Blackhawks’ injuries offer Adam Boqvist opportunity to secure full-time NHL job
With Duncan Keith and Calvin de Haan both likely out for weeks, the door is wide open for the Blackhawks’ top defensive prospect.
GLENDALE, Ariz. — Adam Boqvist’s door to the NHL is suddenly open wider than the Arizona desert.
The Blackhawks’ top defensive prospect, even just seven games into his NHL career and one game into this current stint, can look around the depth chart and see plenty of opportunity to cement his full-time spot.
After all, with Calvin de Haan back in Chicago for the remaining two games of the road trip — and potentially out for quite a while, after re-injuring his problematic right shoulder during Tuesday’s 5-1 loss in Vegas — the Hawks urgently need someone to fill vacant minutes.
Duncan Keith is expected to miss several more weeks at least with a groin injury, too. Even Olli Maatta may not return from his strange and apparently intense illness Thursday against the Coyotes.
The ‘D’ corps are unequivocally decimated at the moment, and the Hawks are desperate for stopgaps.
“The next man in’s gotta step up,” Connor Murphy said Tuesday. “As a team, you’re going to have a lot of ups and downs throughout the year and stuff like that’s going to happen, and the next guy’s got to be ready to play. We believe we have players that are good enough to make that impact and step in when there’s injuries.”
Boqvist was already that “next man in” against the Golden Knights.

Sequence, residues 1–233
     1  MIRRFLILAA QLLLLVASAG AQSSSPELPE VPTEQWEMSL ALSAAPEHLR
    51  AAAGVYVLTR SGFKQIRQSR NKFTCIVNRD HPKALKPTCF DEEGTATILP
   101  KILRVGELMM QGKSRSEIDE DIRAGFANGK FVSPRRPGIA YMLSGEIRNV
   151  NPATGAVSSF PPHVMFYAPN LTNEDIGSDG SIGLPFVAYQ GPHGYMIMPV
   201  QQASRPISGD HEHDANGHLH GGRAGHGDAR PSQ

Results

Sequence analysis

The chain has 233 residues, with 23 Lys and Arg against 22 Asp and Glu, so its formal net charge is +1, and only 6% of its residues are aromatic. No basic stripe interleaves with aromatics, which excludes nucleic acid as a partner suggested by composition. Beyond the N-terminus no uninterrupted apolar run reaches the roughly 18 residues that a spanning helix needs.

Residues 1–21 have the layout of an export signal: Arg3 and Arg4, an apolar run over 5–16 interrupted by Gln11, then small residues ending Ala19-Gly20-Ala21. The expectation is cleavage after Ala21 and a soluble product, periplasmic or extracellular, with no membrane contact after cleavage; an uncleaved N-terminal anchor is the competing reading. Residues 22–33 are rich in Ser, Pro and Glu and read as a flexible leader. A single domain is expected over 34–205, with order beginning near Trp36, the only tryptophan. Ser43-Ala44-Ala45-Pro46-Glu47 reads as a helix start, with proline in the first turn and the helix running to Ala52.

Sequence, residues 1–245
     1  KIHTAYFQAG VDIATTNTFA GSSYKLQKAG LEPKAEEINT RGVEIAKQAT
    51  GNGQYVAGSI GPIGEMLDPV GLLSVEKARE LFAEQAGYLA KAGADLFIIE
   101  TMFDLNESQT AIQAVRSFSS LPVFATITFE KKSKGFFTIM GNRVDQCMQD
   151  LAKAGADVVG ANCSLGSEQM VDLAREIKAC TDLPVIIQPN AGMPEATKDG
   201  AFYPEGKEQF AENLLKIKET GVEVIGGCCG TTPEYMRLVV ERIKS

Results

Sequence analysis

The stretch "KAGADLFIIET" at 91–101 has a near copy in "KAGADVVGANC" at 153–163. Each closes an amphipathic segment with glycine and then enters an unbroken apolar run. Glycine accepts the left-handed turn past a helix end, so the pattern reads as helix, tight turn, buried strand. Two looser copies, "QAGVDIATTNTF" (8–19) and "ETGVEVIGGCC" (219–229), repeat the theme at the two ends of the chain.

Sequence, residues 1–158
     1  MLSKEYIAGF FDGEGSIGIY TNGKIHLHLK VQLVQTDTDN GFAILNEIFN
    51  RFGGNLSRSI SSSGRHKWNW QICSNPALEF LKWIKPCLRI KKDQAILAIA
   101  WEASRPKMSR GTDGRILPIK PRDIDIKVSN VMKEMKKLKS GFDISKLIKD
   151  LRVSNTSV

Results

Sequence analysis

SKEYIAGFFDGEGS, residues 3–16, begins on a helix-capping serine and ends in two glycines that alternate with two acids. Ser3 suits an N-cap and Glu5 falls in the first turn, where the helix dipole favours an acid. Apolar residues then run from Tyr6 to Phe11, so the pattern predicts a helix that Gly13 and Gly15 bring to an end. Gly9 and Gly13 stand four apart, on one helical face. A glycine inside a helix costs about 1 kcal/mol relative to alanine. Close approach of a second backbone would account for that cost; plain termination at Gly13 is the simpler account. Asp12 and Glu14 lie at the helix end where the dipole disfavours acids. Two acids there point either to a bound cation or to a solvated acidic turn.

He played 17:42and produced decent possession numbers, landing in the black in on-ice shot attempts (16-14, Hawks) and scoring chances (11-9, Hawks).
He also recorded two shots on goal, rang another long wrist shot —showing his quick release and accuracy from the point —off the goalpost and even enjoyed his first penalty-killing experience.
Naturally, Boqvist and fellow rookie Dennis Gilbert are the obvious candidates to slide up into the now-unoccupied minutes.
“We’re going to need them,” coach Jeremy Colliton said Tuesday. “They were good, they performed well. It’ll be good experience for them, and hopefully they give us something. I thought they did tonight.”
But this could potentially become more than a short-term NHL vacation for Boqvist. The 20-year-old Swede, whose offense proved NHL-ready but whose defense fell slightly short during his first two attempts at making the jump (in the preseason and in November), faces his best opportunity yet to lock down a full-time job.
He has already made tangible improvements. When recalled Monday, Boqvist said he and the rest of the IceHogs have “played really good down there” and that he’s felt “more comfortable” of late. That’s a significant contrast to his comments when recalled for the first time on Nov. 1, which he said came as a surprise because he “didn’t play super good down there.”
Colliton agreed with Boqvist’s assessment of his increasing acclimation, too.
“He’s done well down there,” the coach said Monday. “Reports have been good and I’ve had a chance to watch a couple games, too. He continues to get better, so hopefully that process continues.”
Boqvist also now has the aid of that first Hawks stint, highlighted by his first NHL goal, to inform his decisions about when to pinch and when to hold back.
“I know how to play now,” he said Monday. “I got six games playing with [Keith and Maatta]. They helped me a lot, as well. I know what is going on out there now.”
Ironically, it’s the absences of Keith and Maatta —plus now de Haan, too —that could vault Boqvist’s exciting young career to the next level.
The door is open. Boqvist is the man the forward-looking Hawks surely want to step through it. All he has to do is take one more stride.